Despite the education about drugs that students receive, other factors like socioeconomic status and school dropout rates are more likely to be better indicators of student drug use. So how does this relate to vegan advocacy? I am sure any vegan can provide a wealth of evidence that meat consumption has serious consequences to the environment, meat industry workers, and human health. However, the facts of veganism will not make it more appealing to non-vegans. The carnistic defenses create an illogical system of meat consumption and trying to use logic or evidence to overcome them will not likely work. For example, if a vegan tells a non-vegan “Did you know that meat production is extremely resource intensive, and it takes about 460 gallons of water to produce a 1/4 pound of beef?” the non-vegan is unlikely to respond “Wow I did not know that! I am going vegan.” More information does not necessarily make the vegan argument more convincing.
Relate to the Audience
However, Dr. Joy describes ways in which the carnistic defenses may be overcome. First, she proposes that when people ask about veganism, we tell our story of transitioning to veganism and trying to relate to the emotions of non-vegans. By telling the story of how you once consumed animal products, the audience gets a sense that you are similar to them.
Dr. Joy encourages vegans to discuss how they might have had a disconnect between their morals and diet. Vegans should talk about how they once ate animal products, even when they knew the social, environmental and moral consequences of animal product production.
The stereotypes that non-vegans might have held about vegans starts to fall apart when they hear that vegans are normal humans too who understand what it is like to have a cognitive disconnect between beliefs and actions. Of course, vegans may not want to pick apart a non-vegan’s argument and call out their defenses. Vegans should not say “you have cognitive distortion and are objectifying animals despite your moral beliefs!” which may come off as hostile.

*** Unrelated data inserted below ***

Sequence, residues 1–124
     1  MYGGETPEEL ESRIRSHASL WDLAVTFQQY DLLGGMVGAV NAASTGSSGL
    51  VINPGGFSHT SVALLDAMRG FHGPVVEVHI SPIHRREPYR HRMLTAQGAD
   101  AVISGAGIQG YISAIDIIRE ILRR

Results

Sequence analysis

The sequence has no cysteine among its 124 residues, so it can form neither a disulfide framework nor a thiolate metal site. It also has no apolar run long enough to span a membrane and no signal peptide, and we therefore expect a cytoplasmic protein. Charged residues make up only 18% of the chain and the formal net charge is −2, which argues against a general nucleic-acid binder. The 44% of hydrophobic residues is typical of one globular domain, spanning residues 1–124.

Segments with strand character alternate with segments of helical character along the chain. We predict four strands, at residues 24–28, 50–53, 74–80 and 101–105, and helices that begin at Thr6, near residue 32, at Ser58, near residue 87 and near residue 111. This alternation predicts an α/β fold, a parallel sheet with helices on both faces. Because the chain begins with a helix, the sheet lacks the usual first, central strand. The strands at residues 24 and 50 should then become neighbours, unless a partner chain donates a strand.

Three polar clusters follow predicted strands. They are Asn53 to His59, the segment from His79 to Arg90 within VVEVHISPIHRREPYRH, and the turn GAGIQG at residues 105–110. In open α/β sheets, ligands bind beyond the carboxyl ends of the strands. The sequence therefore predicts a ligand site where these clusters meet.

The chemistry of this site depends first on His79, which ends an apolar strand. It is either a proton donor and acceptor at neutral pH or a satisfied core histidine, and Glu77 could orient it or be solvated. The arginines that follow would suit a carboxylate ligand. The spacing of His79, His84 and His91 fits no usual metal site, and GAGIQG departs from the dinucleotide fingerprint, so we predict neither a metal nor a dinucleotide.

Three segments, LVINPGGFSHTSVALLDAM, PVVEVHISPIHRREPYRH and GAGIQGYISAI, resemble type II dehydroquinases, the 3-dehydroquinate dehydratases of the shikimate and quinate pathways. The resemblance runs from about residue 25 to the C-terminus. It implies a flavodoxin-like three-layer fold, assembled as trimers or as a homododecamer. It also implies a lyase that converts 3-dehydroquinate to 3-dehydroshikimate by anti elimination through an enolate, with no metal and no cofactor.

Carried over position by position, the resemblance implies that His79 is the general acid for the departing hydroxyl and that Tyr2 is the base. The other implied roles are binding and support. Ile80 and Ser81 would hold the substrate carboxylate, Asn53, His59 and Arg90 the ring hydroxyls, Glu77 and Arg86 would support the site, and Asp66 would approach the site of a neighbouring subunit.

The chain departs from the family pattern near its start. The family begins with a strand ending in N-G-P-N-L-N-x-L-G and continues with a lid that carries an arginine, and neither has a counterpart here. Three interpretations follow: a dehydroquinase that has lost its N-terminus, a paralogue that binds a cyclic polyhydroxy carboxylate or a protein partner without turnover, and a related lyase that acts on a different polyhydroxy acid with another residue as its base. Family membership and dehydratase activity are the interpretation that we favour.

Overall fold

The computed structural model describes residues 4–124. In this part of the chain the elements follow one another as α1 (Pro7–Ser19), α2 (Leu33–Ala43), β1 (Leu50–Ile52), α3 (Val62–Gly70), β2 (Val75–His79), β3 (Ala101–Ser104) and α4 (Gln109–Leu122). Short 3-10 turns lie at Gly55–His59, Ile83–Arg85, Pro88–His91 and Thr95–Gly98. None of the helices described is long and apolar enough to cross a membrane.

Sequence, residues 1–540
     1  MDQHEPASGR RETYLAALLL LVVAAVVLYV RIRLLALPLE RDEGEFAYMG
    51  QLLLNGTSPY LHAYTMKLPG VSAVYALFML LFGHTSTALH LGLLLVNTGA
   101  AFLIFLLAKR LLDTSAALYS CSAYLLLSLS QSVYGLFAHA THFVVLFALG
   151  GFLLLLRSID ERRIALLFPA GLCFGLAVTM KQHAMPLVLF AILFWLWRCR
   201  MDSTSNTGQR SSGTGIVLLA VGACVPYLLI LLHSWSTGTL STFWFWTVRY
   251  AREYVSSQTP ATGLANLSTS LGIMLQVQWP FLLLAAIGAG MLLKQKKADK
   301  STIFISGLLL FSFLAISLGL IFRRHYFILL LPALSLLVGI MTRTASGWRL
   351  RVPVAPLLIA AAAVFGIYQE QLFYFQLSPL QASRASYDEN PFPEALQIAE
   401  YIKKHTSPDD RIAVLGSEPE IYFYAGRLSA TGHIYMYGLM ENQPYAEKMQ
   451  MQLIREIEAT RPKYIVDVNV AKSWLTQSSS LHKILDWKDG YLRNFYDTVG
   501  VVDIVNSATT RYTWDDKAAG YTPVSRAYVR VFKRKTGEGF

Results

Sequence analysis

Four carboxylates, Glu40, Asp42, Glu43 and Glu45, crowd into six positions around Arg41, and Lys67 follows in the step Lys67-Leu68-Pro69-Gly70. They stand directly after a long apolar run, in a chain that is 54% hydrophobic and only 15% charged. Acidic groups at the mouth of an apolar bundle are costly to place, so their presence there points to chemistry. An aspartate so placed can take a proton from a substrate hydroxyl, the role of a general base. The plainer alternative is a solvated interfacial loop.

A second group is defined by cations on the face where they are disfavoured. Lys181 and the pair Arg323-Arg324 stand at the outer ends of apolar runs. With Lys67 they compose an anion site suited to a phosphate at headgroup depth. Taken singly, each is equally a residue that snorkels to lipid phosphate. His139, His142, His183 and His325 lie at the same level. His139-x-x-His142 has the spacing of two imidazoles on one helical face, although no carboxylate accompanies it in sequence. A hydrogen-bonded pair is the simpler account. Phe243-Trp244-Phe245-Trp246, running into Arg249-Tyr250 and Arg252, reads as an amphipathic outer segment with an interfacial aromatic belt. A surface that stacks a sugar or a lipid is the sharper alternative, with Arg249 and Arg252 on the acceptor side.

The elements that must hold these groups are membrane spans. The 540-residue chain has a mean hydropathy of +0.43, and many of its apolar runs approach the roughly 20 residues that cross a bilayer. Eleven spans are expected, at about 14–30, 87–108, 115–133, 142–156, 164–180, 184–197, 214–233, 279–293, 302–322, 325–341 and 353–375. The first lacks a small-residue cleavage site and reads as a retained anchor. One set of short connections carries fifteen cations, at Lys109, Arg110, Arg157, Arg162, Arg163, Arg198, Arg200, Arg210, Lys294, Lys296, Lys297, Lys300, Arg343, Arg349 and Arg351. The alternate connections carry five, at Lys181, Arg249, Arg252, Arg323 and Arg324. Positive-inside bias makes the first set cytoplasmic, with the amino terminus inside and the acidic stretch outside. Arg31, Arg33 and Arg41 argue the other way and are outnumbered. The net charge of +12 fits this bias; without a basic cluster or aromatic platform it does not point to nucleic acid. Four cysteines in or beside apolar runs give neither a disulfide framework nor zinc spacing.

It may be that the more that vegans acknowledge their own previous carnistic defenses, the more legitimate their argument seems. If a vegan used to justify meat eating through illogical arguments such as “if we stop eating meat, farm animal populations will explode”, then he/she should acknowledge that previous behavior and discuss that. By doing so, non-vegans can see that they are normal to have the behaviors they have and a discussion with a vegan becomes less hostile.
Focus on the Process, NOT the Objective
Have you ever had a conversation with someone who’s goal was to convince you of something? It is extremely annoying and causes the audience to put up psychological barriers or argue with everything the speaker says. That is why it is important for vegans
to not focus on the goal of conversion when talking with a non-vegan. If the vegan actively tries to convince the non-vegan to change their behavior, the carnistic defenses will
surface and no progress can be made. Instead, the focus should be on the process of the conversation. It may be better for vegans to focus on talking about the non-vegan’s concerns about veganism and share each other’s perspectives. This way, vegans may be able to come off as more understandable and rational.
What Becoming Vegan Requires
Speaking from personal experience, it can be easy for vegans to make reductive judgments about meat eaters. It can be easy to assume that meat eaters are less moral than people on plant based diets. But this judgment is not productive and encourages hostility between vegans and non-vegans. Dr. Joy’s theory of carnism tells us that vegans should acknowledge that meat eating really is not about moral choices. Meat eaters are victims of a society that promotes meat consumption to the point where people are expected to eat meat. Although most people love animals, they are under the pressure of societal expectations and social norms to consume meat.
It Is Hard
It is also important to understand what it requires for a person to become vegan. It is not simply a change in behavior, but a change in the way a person thinks about animal products and their production. It is much more difficult to change a way of thinking than it is to change a behavior. Vegans may benefit in their advocacy by acknowledging that taking the step to vegan is not easy at all. In fact, if a meat eater makes a dramatic change to veganism all at once, it may be too difficult for them and they would become discouraged and give up on being vegan. Instead it may be better to encourage smaller transitions such as becoming vegetarian or even just reducing their daily meat consumption.